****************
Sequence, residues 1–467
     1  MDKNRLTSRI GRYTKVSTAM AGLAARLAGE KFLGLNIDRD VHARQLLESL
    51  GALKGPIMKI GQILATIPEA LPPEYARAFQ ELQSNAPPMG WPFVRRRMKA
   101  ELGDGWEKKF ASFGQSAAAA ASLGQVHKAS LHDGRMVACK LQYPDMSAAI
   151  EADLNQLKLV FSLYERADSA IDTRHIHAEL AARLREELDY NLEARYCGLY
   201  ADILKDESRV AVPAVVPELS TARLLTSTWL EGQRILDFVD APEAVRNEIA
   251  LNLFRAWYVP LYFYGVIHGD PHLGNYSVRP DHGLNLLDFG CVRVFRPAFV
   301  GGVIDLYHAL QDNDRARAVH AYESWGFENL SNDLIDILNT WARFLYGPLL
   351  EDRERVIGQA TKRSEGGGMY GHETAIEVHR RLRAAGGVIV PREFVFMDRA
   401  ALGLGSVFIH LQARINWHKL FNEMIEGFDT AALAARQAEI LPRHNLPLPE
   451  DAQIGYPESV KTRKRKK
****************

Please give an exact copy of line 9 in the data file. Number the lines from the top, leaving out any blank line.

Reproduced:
   351  EDRERVIGQA TKRSEGGGMY GHETAIEVHR RLRAAGGVIV PREFVFMDRA